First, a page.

Also, take a look at The Upshot and FiveThirtyEight. The presidential election is spawning tons of data stories.

Q. Data visualization tools are crucial components in data storytelling. To a novice data storyteller, what data visualization tools do you recommend and why?

Visualization is useful, but who says it’s crucial? This a big misconception. But let’s talk about tools anyway.

I’ve always liked Tableau. I also like Qlik Sense. Both have people who have research going on about storytelling, and I hope to see story-friendly features continue to evolve in both products. Other story-friendly vendors are Yellowfin and Tibco Spotfire.

Many tools work. Hans Rosling, famous for his pre-Tableau visualizations, now available on YouTube, actually told a data story on parking lot pavement with rocks.

Plain old pen and paper will do it. Words work well, as demonstrated in news media. If you sing opera and your audience can take it, try that.

Q. You started your blog Datadoodle in 2007. How has data storytelling evolved over the past nine years?

It became recognized. Tom Davenport, the co-founder of the International Institute of Analytics, might have given the spark when he said it was a crucial skill for data scientists. Data storytelling has been around for a long time, and storytelling has been part of business even longer.

Q. What advice would you give marketers who want to start or improve their data storytelling?

Study storytelling and study data. Watch for data in stories to see how it’s portrayed. Above all, though, study your own reactions. You know yourself best: What do you like or dislike? Observe your own reactions to decide what works and what doesn’t.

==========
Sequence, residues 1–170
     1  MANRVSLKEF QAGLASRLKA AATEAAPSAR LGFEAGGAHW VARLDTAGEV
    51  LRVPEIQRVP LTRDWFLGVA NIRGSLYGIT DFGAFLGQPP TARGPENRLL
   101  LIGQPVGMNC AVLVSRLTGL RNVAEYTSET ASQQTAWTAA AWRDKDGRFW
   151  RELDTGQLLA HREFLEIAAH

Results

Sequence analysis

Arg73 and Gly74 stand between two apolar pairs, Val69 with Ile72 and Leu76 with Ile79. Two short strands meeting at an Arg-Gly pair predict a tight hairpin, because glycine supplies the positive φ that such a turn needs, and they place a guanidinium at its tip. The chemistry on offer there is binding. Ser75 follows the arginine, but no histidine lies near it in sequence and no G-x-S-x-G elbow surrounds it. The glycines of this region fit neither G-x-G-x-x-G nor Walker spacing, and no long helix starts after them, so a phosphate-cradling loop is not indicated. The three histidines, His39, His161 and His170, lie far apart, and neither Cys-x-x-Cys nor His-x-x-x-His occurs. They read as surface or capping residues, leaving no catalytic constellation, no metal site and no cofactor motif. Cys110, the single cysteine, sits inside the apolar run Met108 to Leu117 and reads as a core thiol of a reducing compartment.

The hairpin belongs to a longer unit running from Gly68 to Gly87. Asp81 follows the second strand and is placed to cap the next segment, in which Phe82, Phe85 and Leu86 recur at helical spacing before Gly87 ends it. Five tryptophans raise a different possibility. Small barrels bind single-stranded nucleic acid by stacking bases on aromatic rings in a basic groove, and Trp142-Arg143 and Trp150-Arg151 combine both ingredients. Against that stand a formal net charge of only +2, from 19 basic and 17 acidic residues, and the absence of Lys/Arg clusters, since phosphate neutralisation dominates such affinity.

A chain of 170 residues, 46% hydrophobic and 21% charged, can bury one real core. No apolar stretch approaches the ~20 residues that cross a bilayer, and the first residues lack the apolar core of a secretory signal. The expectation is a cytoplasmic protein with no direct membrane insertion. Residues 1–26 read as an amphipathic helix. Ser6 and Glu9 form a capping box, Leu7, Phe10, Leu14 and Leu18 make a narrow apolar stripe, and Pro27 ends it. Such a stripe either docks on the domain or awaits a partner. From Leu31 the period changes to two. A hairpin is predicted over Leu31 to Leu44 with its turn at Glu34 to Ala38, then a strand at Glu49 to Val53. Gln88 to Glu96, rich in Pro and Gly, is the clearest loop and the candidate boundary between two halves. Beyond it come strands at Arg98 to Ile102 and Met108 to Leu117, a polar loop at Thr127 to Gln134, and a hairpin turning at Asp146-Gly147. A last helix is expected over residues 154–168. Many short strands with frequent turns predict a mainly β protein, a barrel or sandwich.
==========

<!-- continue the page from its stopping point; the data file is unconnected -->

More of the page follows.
There’s nothing new about storytelling in business. In fact, storytelling in business is as old as business itself. So is data. In fact, data and stories have worked together for a long time. It’s just become recognized, that’s all.

Q. In a recent blog post, you say that data storytelling “needs actual leadership right now.” What did you mean by that and what individuals or organizations do you think are likely to emerge as leaders in the genre?

Data storytelling is at risk of dying just as so many other trends have. People try out the bright shiny new thing, and they soon decide that it’s too limited.

In this case, they could be right. If this is really just visualization on parade, what’s the point? Let’s just drop “story” and call it viz.

I suppose I’m one of the leaders at the moment. I write blog posts and articles, and I teach data storytelling at TDWI conferences and wherever else I can. I also have a short book coming out in the next six months or so on data story genres.

But I’m just one voice, and data storytelling needs a full choir. The Tapestry Conference is good, and various individuals in the data industry lead. Bree Baich at SAS, Robert Kosara at Tableau, and James Richardson at Qlik are all good voices in this thing.


About Ted:

Ted Cuzzillo believes that data storytelling — or whatever it’s called eventually — will lead the next great trend in business data. He helps organizations use this new tool to make data better understood and used. He is a data-industry journalist and researcher. He writes for TDWI, Information Management, and for his weblog, Datadoodle. Have you got a story or thoughts about data storytelling? What’s a better label for “data storytelling”? Email tcuzzillo@gmail.com.